The world's most in-depth and scientific reviews of gear

Giro Cinder MIPS Review

A comfortable mid-range offering that will keep the dome safe
Giro Cinder MIPS
Photo: Backcountry
  • 1
  • 2
  • 3
  • 4
  • 5
Price:  $160 List | $119.98 at Competitive Cyclist
Compare prices at 2 resellers
Pros:  Comfortable, adjustable, high-end style
Cons:  Less aero, may be warm in hot weather, fastener could be finicky
Manufacturer:   Giro
By Nick Bruckbauer & Ryan Baham  ⋅  May 7, 2020
  • Share this article:
Our Editors independently research, test, and rate the best products. We only make money if you purchase a product through our links, and we never accept free products from manufacturers. Learn more
64
OVERALL
SCORE


RANKED
#10 of 15
  • Comfort - 20% 6
  • Adjustability - 15% 7
  • Weight - 15% 5
  • Style - 15% 8
  • Ventilation - 20% 7
  • Durability - 15% 5

Our Verdict

The great strength of the Giro Cinder MIPS is that it delivers excellent performance at a reasonable price-point. It carves away some of the premium materials found some comparable higher-end models but still retains a good deal of the lightweight protection, comfort, and classy style. With its solid design and consistent performance across most of our measures, this is a good choice for the rider looking to settle into a mid-range helmet and keep it for many years. It has sufficient ventilation to keep you cool in most conditions and enough adjustability to accommodate headwear in cooler weather.

Compare to Similar Products

 
Giro Cinder MIPS
This Product
Giro Cinder MIPS
Awards  Editors' Choice Award Editors' Choice Award  Best Buy Award 
Price $119.98 at Competitive Cyclist
Compare at 2 sellers
$159.99 at Competitive Cyclist
Compare at 2 sellers
$179.96 at Competitive Cyclist
Compare at 2 sellers
$299.95 at Amazon$89.95 at Competitive Cyclist
Compare at 3 sellers
Overall Score Sort Icon
64
79
79
77
72
Star Rating
  • 1
  • 2
  • 3
  • 4
  • 5
  • 1
  • 2
  • 3
  • 4
  • 5
  • 1
  • 2
  • 3
  • 4
  • 5
  • 1
  • 2
  • 3
  • 4
  • 5
  • 1
  • 2
  • 3
  • 4
  • 5
Pros Comfortable, adjustable, high-end styleWell-ventilated, adjustable and comfortable, sleek and classy styleLightweight, comfortable, low profile, good ventilationGreat ventilation, elegant style, advanced MIPS liner designComfortable, adjustable, durable, inexpensive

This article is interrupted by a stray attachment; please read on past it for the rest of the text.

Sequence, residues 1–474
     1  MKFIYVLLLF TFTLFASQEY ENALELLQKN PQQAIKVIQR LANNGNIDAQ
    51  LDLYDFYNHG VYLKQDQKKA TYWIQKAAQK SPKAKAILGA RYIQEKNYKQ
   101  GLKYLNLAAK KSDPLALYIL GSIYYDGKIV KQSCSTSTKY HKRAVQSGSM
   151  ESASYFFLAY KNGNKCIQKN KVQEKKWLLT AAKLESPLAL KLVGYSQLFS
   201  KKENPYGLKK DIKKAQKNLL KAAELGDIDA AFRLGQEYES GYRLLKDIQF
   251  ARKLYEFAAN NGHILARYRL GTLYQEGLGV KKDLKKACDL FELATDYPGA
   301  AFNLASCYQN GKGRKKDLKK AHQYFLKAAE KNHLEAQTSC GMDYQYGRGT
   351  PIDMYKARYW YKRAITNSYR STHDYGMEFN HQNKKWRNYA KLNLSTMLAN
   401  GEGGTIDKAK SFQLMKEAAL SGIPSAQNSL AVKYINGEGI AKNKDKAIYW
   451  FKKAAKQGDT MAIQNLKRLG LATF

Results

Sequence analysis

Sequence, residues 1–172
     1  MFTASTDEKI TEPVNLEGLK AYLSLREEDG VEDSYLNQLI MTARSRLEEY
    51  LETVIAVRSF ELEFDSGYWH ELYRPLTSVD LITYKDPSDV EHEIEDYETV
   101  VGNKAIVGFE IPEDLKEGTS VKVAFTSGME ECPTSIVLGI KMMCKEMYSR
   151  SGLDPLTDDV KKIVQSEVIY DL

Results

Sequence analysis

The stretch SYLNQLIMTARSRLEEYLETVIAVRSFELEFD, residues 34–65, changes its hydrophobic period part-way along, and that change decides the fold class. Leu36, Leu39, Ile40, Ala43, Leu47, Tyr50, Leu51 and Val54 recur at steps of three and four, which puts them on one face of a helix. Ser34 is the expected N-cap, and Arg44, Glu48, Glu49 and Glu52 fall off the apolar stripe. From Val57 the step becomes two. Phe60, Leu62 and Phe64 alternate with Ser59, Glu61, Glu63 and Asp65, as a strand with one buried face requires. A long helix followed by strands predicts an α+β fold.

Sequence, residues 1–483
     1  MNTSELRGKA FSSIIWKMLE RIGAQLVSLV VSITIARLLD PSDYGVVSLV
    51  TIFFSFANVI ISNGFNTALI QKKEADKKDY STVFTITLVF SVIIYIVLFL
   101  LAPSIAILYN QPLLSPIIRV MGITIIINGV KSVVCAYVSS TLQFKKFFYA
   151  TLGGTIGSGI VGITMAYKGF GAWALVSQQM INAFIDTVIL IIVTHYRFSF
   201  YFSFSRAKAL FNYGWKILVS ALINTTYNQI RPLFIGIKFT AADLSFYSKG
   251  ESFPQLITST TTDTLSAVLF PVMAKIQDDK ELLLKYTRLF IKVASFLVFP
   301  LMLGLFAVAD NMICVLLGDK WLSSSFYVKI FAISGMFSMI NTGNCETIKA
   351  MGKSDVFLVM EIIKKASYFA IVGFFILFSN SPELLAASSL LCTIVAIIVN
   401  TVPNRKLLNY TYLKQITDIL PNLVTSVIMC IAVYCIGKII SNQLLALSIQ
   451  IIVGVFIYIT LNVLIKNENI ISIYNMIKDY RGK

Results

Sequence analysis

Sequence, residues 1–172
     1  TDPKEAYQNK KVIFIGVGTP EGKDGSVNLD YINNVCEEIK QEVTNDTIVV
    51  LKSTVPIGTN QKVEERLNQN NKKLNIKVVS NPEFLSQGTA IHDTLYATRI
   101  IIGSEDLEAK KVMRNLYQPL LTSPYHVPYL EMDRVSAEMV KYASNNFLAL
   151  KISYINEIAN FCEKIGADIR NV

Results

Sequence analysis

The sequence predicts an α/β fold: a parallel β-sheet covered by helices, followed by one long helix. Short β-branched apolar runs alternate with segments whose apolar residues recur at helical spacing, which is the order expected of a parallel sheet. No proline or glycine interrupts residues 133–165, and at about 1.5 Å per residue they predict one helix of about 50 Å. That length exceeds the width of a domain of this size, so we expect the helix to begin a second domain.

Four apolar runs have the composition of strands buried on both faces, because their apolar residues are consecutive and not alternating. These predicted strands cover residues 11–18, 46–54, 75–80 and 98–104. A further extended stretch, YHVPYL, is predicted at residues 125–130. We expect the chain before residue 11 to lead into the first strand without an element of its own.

Cons Less aero, may be warm in hot weather, fastener could be finickySlightly heavy for a high-end helmetExpensiveExpensive, heavier than other high-end helmetsHeavier, slightly less ventilation
Bottom Line An accessible MIPS model with great comfort and ventilationA stylish, comfortable helmet with outstanding ventilation and solid all-around performanceLightweight comfort and performance from a semi aerodynamic model that ventilates wellA unique MIPS liner design with great ventilation highlight this expensive choiceTremendous value packed into a helmet with a multitude of high-end features
Rating Categories Giro Cinder MIPS Bell Z20 MIPS Giro Synthe MIPS Giro Aether MIPS Giro Agilis MIPS
Comfort (20%)
6
9
9
7
9
Adjustability (15%)
7
8
8
9
9
Weight (15%)
5
6
8
7
6
Style (15%)
8
9
8
7
5
Ventilation (20%)
7
8
7
8
5
Durability (15%)
5
7
7
8
9
Specs Giro Cinder MIPS Bell Z20 MIPS Giro Synthe MIPS Giro Aether MIPS Giro Agilis MIPS
Weight (grams) 345 g (size L) 336 g (size L) 312 g (size L) 330 g (size L) 336 g (size L)
MIPS Yes Yes Yes Yes Yes
Number of vents 26 18 19 11 32
Sizes S, M, L S, M, L S, M, L S, M, L S, M, L
Size Range (cm) 59-63 cm (size L) 58-62 cm (size L) 59-63 cm (size L) 59-63 cm (size L) 59-63 cm (size L)

Our Analysis and Test Results

The Cinder receives decent scores across the board. While it doesn't quite reach the top of any category, it performs consistently well and does so without siphoning off your excess cash.

Performance Comparison


The Cinder is one of Giro's mid-range offers that benefits from many...
The Cinder is one of Giro's mid-range offers that benefits from many of the same features of their higher-end models.
Photo: Nick Bruckbauer

Comfort